Nonprofit digital-news site ThinkProgress is moving its content back to the WordPress platform. That's less than a year after it migrated to online-publishing platform Medium.
ThinkProgress attracts between 8 million to 10 million unique visitors monthly. Itis the editorial project borne from progressive advocacy group Center for American Progress Action Fund.
Beginning August 1, ThinkProgress will no longer publish on Medium, founder and editor-in-chief Judd Legum told Poynter. Commenting on the decision, he said: "I'm certainly not eager to have a bunch of ads on the site — and we're not going to. I'd love to have none. And if it were possible, I'd be interested in figuring out a model where we don't have to have any."
Poynter adds ThinkProgress
Legum said he will use those proceeds to grow the staff by 30%.
When ThinkProgress moved to Medium, Legum told CNNMoney the decision was instigated by the difficulty of hosting its own site and competing with Facebook's new News Feed algorithm.
“It's really impossible for an independent publisher to develop and maintain its own publishing platform in this environment,” Legum said. He added that most of ThinkProgress’ tech resources were spent on making sure the site didn't crash.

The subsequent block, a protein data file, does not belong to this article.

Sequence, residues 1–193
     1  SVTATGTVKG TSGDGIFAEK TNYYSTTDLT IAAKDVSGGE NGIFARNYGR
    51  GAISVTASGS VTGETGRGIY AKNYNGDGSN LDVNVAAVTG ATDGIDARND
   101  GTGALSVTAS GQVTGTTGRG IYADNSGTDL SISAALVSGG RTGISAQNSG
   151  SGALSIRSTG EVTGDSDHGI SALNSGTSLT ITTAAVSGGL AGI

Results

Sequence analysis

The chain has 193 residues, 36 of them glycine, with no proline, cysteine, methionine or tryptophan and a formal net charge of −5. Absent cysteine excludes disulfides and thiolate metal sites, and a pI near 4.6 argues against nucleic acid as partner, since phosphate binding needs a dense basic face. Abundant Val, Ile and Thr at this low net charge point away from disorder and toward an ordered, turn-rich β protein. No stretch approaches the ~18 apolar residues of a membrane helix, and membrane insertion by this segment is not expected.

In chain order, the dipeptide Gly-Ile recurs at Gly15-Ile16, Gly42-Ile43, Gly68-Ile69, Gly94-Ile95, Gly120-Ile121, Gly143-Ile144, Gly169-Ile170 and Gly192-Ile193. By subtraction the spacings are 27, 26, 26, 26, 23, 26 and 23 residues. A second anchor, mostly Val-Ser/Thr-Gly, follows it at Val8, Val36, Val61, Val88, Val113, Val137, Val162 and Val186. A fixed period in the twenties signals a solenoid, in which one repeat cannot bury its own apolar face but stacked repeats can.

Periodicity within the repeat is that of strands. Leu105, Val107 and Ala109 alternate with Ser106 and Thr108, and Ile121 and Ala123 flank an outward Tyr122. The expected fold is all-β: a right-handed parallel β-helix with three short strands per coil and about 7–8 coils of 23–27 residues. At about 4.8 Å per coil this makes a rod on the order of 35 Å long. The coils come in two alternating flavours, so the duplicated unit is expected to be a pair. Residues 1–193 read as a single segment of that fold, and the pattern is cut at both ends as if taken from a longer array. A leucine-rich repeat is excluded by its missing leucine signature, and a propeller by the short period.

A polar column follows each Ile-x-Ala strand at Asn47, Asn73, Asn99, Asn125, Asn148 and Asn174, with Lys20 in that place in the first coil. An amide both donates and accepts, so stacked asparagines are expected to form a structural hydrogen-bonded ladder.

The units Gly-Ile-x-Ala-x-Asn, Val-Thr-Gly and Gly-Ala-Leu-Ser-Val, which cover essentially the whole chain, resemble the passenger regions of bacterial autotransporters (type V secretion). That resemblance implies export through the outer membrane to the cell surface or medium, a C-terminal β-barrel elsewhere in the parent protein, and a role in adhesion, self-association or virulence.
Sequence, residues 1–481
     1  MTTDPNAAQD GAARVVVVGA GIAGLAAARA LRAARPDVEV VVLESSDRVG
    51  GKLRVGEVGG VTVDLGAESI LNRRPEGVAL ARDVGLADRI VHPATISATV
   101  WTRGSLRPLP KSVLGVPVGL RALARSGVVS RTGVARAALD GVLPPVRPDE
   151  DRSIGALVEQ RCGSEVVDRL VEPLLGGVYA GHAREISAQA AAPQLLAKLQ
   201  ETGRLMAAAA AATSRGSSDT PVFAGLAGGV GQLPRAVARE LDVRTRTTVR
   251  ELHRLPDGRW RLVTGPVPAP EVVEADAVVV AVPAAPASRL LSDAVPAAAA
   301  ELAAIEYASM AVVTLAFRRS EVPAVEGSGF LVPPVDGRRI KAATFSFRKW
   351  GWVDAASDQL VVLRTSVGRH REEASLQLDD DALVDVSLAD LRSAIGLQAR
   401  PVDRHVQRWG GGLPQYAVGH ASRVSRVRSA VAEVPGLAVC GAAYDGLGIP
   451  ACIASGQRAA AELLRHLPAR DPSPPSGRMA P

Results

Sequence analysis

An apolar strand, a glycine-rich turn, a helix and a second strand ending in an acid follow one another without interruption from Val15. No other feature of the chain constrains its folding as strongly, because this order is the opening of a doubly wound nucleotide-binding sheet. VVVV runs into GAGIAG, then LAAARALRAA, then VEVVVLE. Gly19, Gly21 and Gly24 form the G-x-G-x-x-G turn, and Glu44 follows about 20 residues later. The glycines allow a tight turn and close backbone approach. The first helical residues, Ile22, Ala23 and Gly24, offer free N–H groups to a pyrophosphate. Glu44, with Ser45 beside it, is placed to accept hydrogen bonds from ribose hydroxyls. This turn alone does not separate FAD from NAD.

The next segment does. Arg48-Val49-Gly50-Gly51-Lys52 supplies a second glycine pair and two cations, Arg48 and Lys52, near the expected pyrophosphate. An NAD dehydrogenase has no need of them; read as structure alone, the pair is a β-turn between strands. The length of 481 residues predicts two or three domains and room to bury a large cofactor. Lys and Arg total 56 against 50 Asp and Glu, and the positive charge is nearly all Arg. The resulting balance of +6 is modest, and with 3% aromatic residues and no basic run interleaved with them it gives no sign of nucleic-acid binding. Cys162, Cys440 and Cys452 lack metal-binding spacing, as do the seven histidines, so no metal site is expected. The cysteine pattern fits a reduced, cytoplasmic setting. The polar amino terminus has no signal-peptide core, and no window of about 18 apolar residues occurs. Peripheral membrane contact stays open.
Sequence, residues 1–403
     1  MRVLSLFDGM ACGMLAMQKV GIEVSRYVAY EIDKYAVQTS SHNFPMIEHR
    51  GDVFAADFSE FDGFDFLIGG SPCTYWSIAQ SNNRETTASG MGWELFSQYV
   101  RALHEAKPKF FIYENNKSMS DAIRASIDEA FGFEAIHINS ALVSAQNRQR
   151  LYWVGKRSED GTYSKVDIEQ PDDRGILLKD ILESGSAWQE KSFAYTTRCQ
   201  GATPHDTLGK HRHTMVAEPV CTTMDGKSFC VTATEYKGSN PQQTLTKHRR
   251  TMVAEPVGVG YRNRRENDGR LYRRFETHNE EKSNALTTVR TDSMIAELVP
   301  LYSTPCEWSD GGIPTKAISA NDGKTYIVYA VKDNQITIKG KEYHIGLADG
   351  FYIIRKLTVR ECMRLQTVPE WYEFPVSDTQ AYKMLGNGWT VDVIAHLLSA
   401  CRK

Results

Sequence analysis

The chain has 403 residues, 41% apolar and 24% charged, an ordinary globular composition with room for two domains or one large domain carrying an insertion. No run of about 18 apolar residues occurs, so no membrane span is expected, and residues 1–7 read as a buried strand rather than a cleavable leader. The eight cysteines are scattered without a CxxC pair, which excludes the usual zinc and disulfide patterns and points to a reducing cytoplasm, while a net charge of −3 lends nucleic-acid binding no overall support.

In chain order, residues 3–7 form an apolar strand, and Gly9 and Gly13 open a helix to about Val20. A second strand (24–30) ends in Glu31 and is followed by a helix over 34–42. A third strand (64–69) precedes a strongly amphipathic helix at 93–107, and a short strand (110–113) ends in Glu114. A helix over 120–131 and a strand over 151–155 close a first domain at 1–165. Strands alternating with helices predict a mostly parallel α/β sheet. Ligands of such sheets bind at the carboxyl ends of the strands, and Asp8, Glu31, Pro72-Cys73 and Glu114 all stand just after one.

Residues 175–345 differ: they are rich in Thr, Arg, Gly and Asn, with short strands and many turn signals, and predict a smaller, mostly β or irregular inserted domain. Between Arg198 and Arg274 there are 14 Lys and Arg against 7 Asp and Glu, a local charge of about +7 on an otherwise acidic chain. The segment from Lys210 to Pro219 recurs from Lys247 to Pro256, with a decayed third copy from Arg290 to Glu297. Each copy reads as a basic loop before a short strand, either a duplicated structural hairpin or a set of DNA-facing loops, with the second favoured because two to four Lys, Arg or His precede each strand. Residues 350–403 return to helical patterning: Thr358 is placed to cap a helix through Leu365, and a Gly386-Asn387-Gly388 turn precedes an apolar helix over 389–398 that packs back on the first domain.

“Now, we can let Medium develop the technical product, and we can focus on writing stories,” he said.
Separately, Medium has been making its own news.
In January, Medium announced it was laying off 50 employees, about one-third of its staff, and ending its branded-content business, “Promoted Stories.” The company says it is working on building a new business model. In June, Medium debuted its first original video series, called “Noteworthy.”
ThinkProgress is not the first publisher to leave Medium, but it is the biggest. Since Medium shut down its advertising services, Pacific Standard, The Ringer and Film School Rejects have also left the platform.
Medium was created by Twitter cofounder Evan Williams in 2012.